Federal Reserve Benefits

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After the nation’s banks were hit hard by a severe financial panic in 1907, the United States President and Congress decided the nation’s banking system needed reformed and strengthened. Subsequently, in 1910, a small group of bankers and politicians secretly met on Georgia’s Jekyll Island for 10-days and drafted an outline of a new central banking system that would protect the United States economy from future financial crises and provide the platform for America to thrive. This outline, known as the Aldrich Plan named after Senate Republican of Rhode Island, Nelson Aldrich was submitted to congress but was voted down. However, this would later serve as the model for which the Federal Reserve Act was based. The Federal Reserve Act was signed into law on December 23, 1913, by Woodrow Wilson and established the Federal Reserve, or the Fed, as the central bank for United States.
The Responsibilities of the Federal Reserve
The Federal Reserve was created primarily to be the lender of last resort to provide cash during a financial panic; however, their responsibilities have evolved and increased over time. In November 1977, Congress expanded the Feds responsibilities with the Federal Reserve Act to include the creation of monetary policies to promote price stability and the maximization of employment to keep the economy moving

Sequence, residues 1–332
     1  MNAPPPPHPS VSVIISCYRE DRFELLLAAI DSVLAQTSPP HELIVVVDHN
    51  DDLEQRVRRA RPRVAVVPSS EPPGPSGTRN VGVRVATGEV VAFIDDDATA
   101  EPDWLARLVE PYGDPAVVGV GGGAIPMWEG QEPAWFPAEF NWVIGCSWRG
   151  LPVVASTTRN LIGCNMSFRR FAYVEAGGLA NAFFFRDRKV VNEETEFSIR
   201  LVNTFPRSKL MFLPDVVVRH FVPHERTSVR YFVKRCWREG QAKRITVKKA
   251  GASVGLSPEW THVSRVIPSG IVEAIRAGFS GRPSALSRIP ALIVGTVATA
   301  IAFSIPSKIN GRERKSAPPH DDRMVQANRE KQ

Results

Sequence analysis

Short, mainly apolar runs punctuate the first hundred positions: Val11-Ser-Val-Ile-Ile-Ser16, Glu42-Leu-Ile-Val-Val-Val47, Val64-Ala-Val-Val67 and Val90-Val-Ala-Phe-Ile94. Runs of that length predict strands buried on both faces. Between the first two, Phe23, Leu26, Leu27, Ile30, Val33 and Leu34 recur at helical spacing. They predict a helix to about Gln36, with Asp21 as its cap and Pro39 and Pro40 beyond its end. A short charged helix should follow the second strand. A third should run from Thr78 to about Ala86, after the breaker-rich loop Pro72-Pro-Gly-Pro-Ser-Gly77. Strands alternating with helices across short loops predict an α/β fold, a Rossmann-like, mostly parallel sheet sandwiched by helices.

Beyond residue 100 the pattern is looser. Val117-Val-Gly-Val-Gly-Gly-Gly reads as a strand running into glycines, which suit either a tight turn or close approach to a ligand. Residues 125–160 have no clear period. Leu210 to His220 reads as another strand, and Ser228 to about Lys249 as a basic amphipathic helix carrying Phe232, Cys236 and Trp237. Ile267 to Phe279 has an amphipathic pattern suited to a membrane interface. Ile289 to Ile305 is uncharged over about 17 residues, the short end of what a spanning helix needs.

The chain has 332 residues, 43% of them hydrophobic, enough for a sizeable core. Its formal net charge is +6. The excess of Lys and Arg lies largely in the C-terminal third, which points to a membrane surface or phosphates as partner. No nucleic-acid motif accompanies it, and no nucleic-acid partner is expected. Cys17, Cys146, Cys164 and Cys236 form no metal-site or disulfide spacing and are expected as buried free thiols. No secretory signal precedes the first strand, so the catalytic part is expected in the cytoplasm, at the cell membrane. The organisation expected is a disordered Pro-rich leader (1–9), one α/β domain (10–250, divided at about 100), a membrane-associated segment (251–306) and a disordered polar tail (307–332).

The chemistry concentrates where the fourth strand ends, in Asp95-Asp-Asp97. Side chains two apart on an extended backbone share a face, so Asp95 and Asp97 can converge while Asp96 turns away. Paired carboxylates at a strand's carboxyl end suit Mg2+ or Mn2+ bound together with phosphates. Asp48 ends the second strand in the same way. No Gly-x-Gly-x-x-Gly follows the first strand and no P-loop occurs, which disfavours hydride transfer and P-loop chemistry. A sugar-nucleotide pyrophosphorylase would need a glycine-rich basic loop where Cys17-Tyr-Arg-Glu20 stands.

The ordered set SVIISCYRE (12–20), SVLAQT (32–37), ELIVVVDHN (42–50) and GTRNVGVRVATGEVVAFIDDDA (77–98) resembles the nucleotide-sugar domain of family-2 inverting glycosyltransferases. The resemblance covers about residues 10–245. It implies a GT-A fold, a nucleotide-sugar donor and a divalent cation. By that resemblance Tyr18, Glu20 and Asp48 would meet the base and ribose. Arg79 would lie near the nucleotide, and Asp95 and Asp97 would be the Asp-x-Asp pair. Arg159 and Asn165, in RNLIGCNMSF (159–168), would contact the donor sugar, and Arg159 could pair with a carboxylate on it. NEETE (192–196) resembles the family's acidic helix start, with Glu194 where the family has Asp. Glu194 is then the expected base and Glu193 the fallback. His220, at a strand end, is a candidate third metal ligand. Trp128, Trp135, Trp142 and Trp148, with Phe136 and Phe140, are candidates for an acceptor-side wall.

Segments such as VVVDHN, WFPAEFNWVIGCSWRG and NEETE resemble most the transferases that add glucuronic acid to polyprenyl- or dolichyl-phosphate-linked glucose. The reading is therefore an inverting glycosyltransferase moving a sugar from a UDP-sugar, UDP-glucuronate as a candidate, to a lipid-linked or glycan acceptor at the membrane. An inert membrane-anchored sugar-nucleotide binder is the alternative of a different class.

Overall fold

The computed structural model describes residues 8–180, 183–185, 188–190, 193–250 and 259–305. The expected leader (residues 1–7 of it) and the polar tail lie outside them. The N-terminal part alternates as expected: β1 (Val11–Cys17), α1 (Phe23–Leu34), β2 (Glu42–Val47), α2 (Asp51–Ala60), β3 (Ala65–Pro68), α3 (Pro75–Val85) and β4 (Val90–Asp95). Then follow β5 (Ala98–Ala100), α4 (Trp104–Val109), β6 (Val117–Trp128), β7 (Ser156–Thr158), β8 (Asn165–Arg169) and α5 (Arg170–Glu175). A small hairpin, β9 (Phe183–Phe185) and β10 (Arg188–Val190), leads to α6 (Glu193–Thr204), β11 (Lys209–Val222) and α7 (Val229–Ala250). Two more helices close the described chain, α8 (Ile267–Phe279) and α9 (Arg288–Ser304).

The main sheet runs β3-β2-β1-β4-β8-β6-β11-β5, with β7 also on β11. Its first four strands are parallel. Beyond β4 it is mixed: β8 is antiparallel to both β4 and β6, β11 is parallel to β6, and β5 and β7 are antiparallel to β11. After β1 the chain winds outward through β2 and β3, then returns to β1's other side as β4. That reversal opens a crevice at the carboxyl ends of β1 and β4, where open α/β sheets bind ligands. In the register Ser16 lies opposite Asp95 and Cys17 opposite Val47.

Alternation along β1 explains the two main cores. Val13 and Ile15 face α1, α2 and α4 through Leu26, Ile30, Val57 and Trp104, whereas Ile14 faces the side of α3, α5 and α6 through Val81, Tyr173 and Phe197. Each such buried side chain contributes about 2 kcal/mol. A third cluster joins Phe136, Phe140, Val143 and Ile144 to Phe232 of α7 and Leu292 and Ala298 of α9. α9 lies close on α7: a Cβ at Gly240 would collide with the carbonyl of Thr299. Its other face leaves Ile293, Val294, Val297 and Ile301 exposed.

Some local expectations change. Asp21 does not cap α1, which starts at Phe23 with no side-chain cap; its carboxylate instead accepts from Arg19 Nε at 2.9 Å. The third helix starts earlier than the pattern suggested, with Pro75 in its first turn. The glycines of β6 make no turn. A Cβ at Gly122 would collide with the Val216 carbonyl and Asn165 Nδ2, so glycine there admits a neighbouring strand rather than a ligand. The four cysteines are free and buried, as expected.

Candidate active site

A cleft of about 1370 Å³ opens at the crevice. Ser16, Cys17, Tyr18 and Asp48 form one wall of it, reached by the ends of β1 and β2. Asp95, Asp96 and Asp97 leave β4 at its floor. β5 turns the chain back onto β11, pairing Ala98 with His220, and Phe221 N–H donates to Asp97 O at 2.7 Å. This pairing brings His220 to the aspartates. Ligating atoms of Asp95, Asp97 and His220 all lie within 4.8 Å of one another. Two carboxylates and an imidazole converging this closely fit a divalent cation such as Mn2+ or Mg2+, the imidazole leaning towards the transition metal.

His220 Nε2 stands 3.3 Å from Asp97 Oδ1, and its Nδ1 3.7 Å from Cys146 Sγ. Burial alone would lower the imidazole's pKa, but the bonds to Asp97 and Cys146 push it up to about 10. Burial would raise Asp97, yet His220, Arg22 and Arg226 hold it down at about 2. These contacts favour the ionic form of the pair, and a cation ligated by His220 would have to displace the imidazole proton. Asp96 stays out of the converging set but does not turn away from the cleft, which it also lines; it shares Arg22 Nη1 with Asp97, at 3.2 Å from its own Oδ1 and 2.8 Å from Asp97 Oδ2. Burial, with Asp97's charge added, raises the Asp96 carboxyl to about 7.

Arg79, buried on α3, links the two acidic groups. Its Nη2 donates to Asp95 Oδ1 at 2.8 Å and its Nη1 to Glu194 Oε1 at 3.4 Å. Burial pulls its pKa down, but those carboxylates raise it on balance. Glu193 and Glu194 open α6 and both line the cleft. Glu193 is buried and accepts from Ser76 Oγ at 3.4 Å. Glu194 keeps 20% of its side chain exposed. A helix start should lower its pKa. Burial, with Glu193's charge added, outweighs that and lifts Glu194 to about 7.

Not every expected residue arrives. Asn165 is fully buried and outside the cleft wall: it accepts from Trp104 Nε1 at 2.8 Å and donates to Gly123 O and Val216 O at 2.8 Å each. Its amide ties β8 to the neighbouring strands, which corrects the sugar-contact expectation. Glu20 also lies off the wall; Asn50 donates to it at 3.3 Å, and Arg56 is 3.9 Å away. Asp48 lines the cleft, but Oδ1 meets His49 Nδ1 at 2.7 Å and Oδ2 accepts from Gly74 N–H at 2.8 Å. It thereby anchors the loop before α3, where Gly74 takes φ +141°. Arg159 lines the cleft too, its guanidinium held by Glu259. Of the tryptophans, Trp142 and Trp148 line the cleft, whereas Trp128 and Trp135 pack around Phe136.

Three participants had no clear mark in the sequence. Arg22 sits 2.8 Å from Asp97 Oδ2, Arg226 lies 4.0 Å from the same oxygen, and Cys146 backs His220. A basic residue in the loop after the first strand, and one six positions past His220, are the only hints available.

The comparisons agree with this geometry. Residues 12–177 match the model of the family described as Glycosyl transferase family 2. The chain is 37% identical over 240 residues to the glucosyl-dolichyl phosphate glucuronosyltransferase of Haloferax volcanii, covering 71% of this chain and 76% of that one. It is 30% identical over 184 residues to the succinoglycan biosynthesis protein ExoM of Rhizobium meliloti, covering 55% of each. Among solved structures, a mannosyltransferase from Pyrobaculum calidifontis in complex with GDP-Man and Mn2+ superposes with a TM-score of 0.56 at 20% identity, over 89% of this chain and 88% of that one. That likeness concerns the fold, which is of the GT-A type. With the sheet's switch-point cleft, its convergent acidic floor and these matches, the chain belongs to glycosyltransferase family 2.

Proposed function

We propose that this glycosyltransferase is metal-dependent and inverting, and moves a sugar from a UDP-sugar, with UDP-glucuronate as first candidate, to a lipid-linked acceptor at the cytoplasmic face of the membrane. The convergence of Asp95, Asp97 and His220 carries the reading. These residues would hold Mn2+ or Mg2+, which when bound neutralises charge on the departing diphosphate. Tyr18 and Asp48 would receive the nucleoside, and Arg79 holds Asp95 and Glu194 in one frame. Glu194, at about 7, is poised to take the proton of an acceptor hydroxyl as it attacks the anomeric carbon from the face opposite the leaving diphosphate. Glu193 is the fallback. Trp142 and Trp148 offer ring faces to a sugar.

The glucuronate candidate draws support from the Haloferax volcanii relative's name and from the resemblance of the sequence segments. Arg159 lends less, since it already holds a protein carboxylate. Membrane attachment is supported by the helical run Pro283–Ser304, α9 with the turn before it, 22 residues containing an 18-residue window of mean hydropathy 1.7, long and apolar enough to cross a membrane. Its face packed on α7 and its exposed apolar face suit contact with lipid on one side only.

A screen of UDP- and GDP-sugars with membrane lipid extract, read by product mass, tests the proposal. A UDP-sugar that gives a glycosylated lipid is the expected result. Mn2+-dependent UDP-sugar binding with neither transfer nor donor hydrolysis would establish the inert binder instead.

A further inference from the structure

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The Federal Reserve plays a vital role as the intermediary in clearing and settling interbank payments to assure that the millions of transactions performed each day are processed safely and efficiently. Acting as the “Banker’s Bank”, the Federal Reserve Banks provide various services to the nation’s banks such as check processing, electronic transfers, and ensuring there is enough cash in circulation to meet public demand. As fiscal agent for the U.S. government, the Reserve Banks pay Treasury checks and issue, transfer, and redeem U.S. government
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